When you’re talking gluten- free pizza, success or failure rests heavily on the crust. Done wrong, it can be a soggy, wimpy mess, absolutely failing in its function to support layers of toppings. Done right, it not only maintains its structure, it offers texture and flavor, contributing to the overall experience of the pizza.
These hits and misses can be especially pronounced in a frozen pizza. And it turns out that the landscape of gluten-free offerings is broad. It’s no surprise that there are decent selections at venues such as Whole Foods Market and Down to Earth, but I was especially delighted by the variety at Safeway supermarkets, as well as a popular product at Costco (which sells it two in a box, at a great price).
Here are notes on a few frozen pies tested by myself and Star-Advertiser reporter Allison Schaefers, another gluten-free eater.
>> Freschetta Pizza Gluten Free 4-Cheese Medley ($16.49, Safeway)
Of all the brands, this pizza tastes most like pizza dough made with gluten flour. The dough has the telltale bend and texture typically inherent in gluten-based products. It’s not too crispy or soggy like some gluten-free substitutes.
Here, the cheese tastes fresh and the brand doesn’t skimp on it. And the tomato sauce is spiced just right — not too bitter or sweet.
My only complaint is that I wish that local stores carried the gluten- free version with a wider selection of toppings. I typically buy the cheese pizza and add veggies to make my favorite combinations.
— Allison Schaefers, Star-Advertiser
>> Milton’s Craft Bakers Thin and Crispy Cauliflower Crust Pizza ($13.29 for two-pack at Costco)
Similar to Domino’s gluten-free crust — Milton’s cauliflower pizza crisps nicely, but it’s uninspired. The crust texture is a little gummy.
On the plus side, my family didn’t realize cauliflower had been added to the crust so there wasn’t the customary whining about why I persist in trying to kill them with vegetables. The sauce had a robust flavor and the cheese was generous and tasty. The roasted vegetables were so nicely flavored that the family didn’t even complain about the absence of meat toppings.
I would buy this one again, especially if I intended to feed it to the whole family.
>> Daiya Gluten-Free Pizzas ($12.99, Down to Earth)
Daiya has a dominant presence in the dairy-free world, offering nondairy, nonsoy, plant-based cheese-alternative products — from shreds, slices and blocks of its cheese substitutes to “cream cheeze,” “cheezy macs” and “cheezecake.” Daiya also sells a line of gluten-free pizzas.
I tried several, enjoying some more than others, but fundamental issues keep me tepid on the line: an overly tart, dominant tomato-basil sauce; and a cracker-like crust made of tapioca, brown rice and sorghum that’s difficult to crisp — and in fact can be soggy if not baked directly on the oven rack and given extra baking time if necessary.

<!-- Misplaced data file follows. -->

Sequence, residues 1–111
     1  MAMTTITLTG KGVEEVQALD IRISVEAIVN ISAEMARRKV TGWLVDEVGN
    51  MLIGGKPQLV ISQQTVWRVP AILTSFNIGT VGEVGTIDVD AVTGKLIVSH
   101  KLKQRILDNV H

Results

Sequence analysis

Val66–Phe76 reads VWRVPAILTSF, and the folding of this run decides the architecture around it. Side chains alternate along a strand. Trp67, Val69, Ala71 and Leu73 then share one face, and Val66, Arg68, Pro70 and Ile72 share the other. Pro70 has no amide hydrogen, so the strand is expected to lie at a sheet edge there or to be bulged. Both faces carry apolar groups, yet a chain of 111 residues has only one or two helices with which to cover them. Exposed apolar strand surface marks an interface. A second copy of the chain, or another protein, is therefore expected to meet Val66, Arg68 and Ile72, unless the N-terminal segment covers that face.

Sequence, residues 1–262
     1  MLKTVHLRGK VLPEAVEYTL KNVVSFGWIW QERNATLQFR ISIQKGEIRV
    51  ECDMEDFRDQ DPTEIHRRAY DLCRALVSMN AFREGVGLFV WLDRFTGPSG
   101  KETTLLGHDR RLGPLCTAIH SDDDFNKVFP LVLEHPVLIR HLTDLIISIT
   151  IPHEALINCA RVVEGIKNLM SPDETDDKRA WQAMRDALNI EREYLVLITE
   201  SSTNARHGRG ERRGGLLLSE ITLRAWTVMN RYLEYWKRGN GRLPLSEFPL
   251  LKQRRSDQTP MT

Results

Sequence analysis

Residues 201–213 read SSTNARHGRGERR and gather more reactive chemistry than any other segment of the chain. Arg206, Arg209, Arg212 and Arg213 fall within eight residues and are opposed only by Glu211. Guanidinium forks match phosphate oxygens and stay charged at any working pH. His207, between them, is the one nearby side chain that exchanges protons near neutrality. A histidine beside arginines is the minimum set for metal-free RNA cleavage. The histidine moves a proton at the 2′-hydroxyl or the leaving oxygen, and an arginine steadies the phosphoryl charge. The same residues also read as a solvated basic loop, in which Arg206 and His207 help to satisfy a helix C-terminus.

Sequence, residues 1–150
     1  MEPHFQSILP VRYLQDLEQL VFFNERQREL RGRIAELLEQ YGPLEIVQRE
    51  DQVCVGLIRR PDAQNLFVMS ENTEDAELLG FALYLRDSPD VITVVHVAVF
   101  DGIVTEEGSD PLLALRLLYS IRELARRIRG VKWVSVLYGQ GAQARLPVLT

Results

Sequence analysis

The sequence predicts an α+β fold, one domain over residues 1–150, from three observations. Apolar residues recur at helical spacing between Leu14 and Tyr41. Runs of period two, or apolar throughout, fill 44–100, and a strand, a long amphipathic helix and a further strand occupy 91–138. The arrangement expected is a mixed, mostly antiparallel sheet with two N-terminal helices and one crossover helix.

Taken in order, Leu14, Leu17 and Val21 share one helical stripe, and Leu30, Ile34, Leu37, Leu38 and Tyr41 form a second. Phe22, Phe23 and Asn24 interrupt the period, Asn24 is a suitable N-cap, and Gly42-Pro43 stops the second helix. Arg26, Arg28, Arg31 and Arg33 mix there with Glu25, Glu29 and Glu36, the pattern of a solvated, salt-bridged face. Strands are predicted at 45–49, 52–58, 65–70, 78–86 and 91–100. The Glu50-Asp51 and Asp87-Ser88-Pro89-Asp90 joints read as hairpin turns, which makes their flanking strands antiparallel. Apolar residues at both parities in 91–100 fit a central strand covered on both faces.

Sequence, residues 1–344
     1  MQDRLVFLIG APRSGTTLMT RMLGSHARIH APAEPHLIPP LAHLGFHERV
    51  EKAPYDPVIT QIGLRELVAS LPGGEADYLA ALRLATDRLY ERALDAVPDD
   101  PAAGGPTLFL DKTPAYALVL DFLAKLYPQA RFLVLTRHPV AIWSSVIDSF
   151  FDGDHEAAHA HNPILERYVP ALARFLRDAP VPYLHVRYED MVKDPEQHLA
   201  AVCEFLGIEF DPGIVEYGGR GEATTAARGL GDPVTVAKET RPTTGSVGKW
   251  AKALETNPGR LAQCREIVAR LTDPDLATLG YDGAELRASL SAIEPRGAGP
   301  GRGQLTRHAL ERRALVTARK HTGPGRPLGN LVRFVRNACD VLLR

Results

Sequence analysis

Daiya’s bland mozzarella-style shreds were obliterated in the margherita pizza, where the sauce and a generous topping of tomato chunks made for a thoroughly imbalanced flavor. In fact, the tartness became so overbearing that I stopped eating and rebaked the pie with plenty of pepperoni. That provided some equilibrium.
A supreme pizza was dressed with a tasty meatless crumbled sausage, red peppers and onions, but the portion of sausage was far too skimpy — such a shame. Alongside the onions, it offered a hearty, salty counterbalance to the tart sauce. Ample sausage could have taken this pizza up a notch.
But my hands-down favorite was the mushroom and roasted garlic offering. The toppings were robust enough to round out the sauce’s sharpness and contribute to a delicious pizza. I can recommend this one — with a caveat: Whatever Daiya pizza you try, pay proper attention when baking that crust. It can make or break your meal.
— Joleen Oshiro, Star-Advertiser
>> Caulipower Veggie Pizza ($11.29, Safeway)
I really liked this crust. It had more of the light, flaky pastry texture that I remember from thin and crispy pizza dough with gluten. The layers even separated a bit upon each bite, making it chewy rather than gummy.
This pizza had a subtle vine- ripened sauce and just enough cheese to keep the vegetable topping and crust in the spotlight. It reminded me a little of Amy’s Roasted Vegetable Pizza, which has more of a sweet balsamic taste than the traditional pizza. In the Caulipower pizza, the roasted vegetable topping was nicely spiced and quite savory.
However, my family of meat and gluten eaters didn’t care for the toppings or the crust. Perhaps they would have preferred a different Caulipower variety. That said, I enjoyed this pizza and would seek it out if buying just for me.
>> Amy’s Gluten Free, Dairy Free Spinach Pizza ($13.59, Down to Earth)
This organic rice-flour crust crisped up nicely and still had a decent chew — it did not turn dry and hard as some gluten-free crusts do. Still, being a rice-flour product, it did have some crumbliness.
The crust was topped with a rounded, balanced pizza sauce, an organic tomato puree seasoned nicely with basil, garlic, tamari and other spices, plus a sprinkling, really, of organic spinach that was barely noticeable.
But that hardly mattered. Tasty soy ricotta and mozzarella cheeses both had a decent melt without turning liquidy or oily, a definite plus that helped maintain the integrity of the pie’s texture. All told, it made for a delicious, enjoyable meal.
This one will definitely be a mainstay in my freezer.
“Going Gluten-Free” helps meet the cooking and dining challenges faced by those on wheat-free diets. It runs on the first Wednesday of each month. Send questions and suggestions to Joleen Oshiro, firstname.lastname@example.org.